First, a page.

Before reading this blog it is necessary that you understand the construction of major scales. Luckily we have a blog post on major scales if you are unfamiliar with major scales.

Major pentatonic scales are used by guitar players and other instrumentalists in all styles of music ranging from pop to rock to country to jazz. They can be used for soloing, improvisation, song writing and much more. If you haven’t been using major pentatonic scales, it’s about time you started!

Major pentatonic scales are five note scales, hence the name pentatonic. Major pentatonic scales are derived from major scales simply by removing the fourth and seventh degree. For Example:

C Major Pentatonic

C D E F G A B C is a C Major scale. The intervals between the notes are Tone Semitone Tone Semitone. Now remove the F (the fourth note from the root) and the B (The seventh note from the root). Now you have a C major pentatonic scale. C D E G A C.

Here’s a C major pentatonic scale in open position. Work your way up the scale, then down past the root, then back up to the root, just like you would with your major scales, or any other scale for that matter. Listen carefully to the sound of the scale.

D Major Pentatonic

Now lets look at a D major scale. The notes in a D major scale are D E F# G A B C# D. Let’s do a quick review of why there are two sharps in this key. Remember that Tone Semitone Tone Semitone are the distances in any major scale, so the notes F and C must be raised a semitone to preserve those intervals. D to E is a Tone, then E to F is a Semitone. That’s not good! We have to raise it to F#, thus making it a Tone. Moving on, F# to G is a Semitone (good), G to A is a tone (good), A to B is a tone (good), then B to C is a semitone. We have to do the same thing now and raise the C to a C#. Now C# to D is a semitone and we’re all good! Now we have D E F# G A B C# D and the distances (or intervals) between those notes are T T S T T T S.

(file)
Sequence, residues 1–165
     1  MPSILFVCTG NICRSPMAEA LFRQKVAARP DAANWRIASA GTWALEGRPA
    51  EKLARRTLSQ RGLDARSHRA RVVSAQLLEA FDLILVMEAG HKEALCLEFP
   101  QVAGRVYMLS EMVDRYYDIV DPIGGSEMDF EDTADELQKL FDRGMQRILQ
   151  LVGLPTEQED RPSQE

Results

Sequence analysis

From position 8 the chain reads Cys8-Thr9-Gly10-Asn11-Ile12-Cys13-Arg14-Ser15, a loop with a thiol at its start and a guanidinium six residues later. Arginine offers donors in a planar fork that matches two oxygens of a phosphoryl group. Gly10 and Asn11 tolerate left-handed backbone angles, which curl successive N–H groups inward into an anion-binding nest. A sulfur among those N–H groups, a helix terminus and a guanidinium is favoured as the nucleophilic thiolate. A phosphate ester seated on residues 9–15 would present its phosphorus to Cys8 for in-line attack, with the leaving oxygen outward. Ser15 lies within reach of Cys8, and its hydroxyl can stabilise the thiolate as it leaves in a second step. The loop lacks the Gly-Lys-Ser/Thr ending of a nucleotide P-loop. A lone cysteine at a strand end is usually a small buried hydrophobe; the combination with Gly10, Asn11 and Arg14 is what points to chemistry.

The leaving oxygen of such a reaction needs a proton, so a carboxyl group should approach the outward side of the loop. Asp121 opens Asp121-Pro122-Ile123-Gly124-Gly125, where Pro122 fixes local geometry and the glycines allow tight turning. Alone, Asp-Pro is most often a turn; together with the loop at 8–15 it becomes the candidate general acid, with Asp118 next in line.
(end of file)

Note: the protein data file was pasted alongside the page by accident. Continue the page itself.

Finally lets derive the D major pentatonic scale from here. All we have to do is remove the fourth and seventh degrees. The fourth note from the root and the seventh note from the root. Now we have D E F# A B.

The Fourth and Seventh Degree in the Major Pentatonic Scale

Another question is why we remove the fourth and seventh degree. The short answer is because they are the notes that have the most tension and really want to resolve. That’s why the major pentatonic has the tendency to wander and sounds very pleasant.  Because there is very little need to resolve any of the notes, it makes soloing with the major pentatonic scale easy in comparison to some other scales.


At some point you will want to learn to play this scale all over the guitar fretboard in open position and the five movable positions, but that’s for another day.  For now, learn to carefully play the major pentatonic scale on your guitar using the diagram on this page.  Carefully listen to the sound of the scale and learn to play up and down the scale with no mistakes.


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